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UPDATE: US government petitioned to build it’s own Death Star

January 11th, 2013 by Christopher Williams 1 Comment

As much as my country is run like the Empire, I still can’t see this happening, but here it is folks. According to the Telegraph UK an online petition has successfully garnered enough signatures to be put in front of the president. What is that petition for and why should you care? The petition is to lobby the American government to build it’s very own Death Star. That’s right boys and girls, enough of my countrymen have requested we build our own Death Star to where the president at least has to take a look at the request. To my friends and readers across the pond, please do not judge my whole country based on this fact, instead judge it by the horrors committed in our names at home and abroad (End political rant here.).

According to the petition the American government is to get funding and resources to begin construction on the Death Star by 2016. Wait people, it gets better. The petition was started by Colorado man named simply John D., who says “By focusing our resources into a space-superiority platform and weapon system such as a Death Star, the government can spur job creation in the fields of construction, engineering, space exploration, and more, and strengthen our national defense.” No one I know is a bigger fan of Star Wars then me as shown by both pairs of Star Wars pajamas, the assorted coffee mugs and glasses, wristbands, t-shirts, comics, Blu-Ray set, various clothes I have for my 16 month old son, action figures and large collection of Expanded Universe novels I own, but I also tend to deal in reality, and the reality is that this type of space program just isn’t feasible.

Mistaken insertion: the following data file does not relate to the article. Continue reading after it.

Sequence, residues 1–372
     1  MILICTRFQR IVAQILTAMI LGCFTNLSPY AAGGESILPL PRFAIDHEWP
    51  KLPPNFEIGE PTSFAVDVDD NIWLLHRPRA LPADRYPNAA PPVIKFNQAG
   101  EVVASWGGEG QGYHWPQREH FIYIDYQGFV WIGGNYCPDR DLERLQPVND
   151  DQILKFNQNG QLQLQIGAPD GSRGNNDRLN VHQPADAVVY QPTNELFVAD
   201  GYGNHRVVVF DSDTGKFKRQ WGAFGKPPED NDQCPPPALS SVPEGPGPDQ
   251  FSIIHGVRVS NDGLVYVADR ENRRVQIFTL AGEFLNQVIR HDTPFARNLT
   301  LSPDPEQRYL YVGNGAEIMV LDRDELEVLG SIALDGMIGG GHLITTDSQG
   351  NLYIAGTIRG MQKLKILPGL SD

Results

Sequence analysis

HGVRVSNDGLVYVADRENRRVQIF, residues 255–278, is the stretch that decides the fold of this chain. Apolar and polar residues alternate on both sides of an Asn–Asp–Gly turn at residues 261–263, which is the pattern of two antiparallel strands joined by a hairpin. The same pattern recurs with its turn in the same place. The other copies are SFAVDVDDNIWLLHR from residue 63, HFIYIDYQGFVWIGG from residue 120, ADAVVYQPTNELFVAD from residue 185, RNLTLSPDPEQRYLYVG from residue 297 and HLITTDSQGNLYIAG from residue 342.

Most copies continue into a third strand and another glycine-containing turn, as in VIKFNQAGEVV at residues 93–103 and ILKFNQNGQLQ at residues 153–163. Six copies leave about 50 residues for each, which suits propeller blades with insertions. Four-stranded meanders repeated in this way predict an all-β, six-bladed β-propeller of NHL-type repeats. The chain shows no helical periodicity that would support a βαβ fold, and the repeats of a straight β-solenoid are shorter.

Economic students at a Pennsylvania university have stated that the cost of steel alone for a Death Star would come up to roughly £541,261 trillion just for the steel alone, or, because I had to look it up since I have never been to the UK and suck at math, $703.6 trillion. That’s right, not including labor, transportation, developing a system to work safely in space on a project this big, as well as everything that makes the station function, it would cost $703 trillion, or roughly 44 times our national deficit. Yeah, that sounds like smart money to me. One would also wonder why our country would need a space station capable of obliterating whole planets, but hey, who am I to judge.